Rules Don't Apply is Warren Beatty's first major motion picture in 15 years, but definitely worth the wait.
Warren Beatty's film debut in Elia Kazan's Splendor in the Grass, made him a star in his 20's. Now, his new film which opened Thanksgiving weekend, Rules Don't Apply, has shades of Splendor inside out.
Both films deal with young love struggling with the strictures of strong religious upbringings.The difference is that in Splendor the guy doesn't get the girl at the end. Whereas in Rules, the guy does. But not telling which guy. You have to see the movie to find out.
More Splendor comparisons. Singer Phil Collins daughter, Lilly Collins, is a Natalie Wood lookalike. Alden Ehrenreich comes across as a young Beatty. The two have great chemistry and Beatty, the director, is able to elicit strong performances from them both.
Director Beatty, despite his reputed insistence on many takes, is often able to bring out the best in actors. Their performances in his films are often the highlights of their careers. For example, Madonna in Beatty's Dick Tracy turned in the best acting performance of her career, and her torch song won an Academy Award.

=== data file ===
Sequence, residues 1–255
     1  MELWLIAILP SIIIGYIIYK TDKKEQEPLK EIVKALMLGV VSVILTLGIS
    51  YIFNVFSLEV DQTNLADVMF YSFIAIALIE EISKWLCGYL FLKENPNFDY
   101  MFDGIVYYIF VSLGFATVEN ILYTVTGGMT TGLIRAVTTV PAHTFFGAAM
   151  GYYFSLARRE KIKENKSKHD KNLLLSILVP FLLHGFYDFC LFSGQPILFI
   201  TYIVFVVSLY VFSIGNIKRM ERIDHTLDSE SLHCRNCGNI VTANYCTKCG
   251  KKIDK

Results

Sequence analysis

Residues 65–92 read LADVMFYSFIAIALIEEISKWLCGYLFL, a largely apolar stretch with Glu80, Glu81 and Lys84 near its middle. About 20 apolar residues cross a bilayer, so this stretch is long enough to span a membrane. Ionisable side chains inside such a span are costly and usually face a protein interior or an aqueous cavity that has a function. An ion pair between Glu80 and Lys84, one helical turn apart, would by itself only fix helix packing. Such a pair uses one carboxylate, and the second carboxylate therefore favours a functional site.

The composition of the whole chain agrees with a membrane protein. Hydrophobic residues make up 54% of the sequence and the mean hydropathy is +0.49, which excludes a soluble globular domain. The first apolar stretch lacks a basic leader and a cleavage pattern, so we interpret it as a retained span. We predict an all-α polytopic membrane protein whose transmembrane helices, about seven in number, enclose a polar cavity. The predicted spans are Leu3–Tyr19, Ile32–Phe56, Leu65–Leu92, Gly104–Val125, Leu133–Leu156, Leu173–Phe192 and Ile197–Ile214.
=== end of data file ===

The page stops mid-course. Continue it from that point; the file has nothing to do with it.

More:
Although there are some surprising twists and turns in this film, it is not surprising that following in her dad Phil Collins footsteps, Lilly Collins' secret to seduction, is her sweetness singing a song.
Beatty's real-life wife, Annette Bening, is the ambitious, uptight, Baptist stage mother of Lilly Collins. Bening in this role, is worth the price of admission. Baptist Bening conjures up memories of the late Jean Arthur, the Queen of Screwball Comedy in her day and my acting teacher at Vassar. There are a lot of laughs in this film, and in a good way.
Producing, writing, directing, and playing Howard Hughes, Beatty gives a sympathetic, nuanced performance of a brilliant man, who is misunderstood and underappreciated, as is often the case with a man ahead of his time. Not the pretty boy in this one and playing against type, Beatty deserves an acting Academy Award for his portrayal of Hughes. The initial planned encounter between billionaire Beatty as Hughes and one of his drivers, Alden Ehrenreich, sitting down eating hamburgers outdoors in the cold, will become a classic.
The all-star cast includes Alec Baldwin as Hughes' CEO who never meets Hughes but runs his empire, Candice Bergen as Hughes' administrative assistant, Matthew Broderick as one of Hughes' trusted drivers, Martin Sheen as yet another of Hughes' trusted advisers, and Paul Sorvino in a cameo appearance on a black-and-white television set in a news clip.
Parents and teens should see Rules Don't Apply together. It's an excellent way to open up a discussion on some very touchy subjects like sex and religion--almost everything you're not supposed to talk about in polite company. Running time is about 2 hours.
Lonna Saunders has been blogging for the Huffington Post since 2010. She may be reached at email@example.com.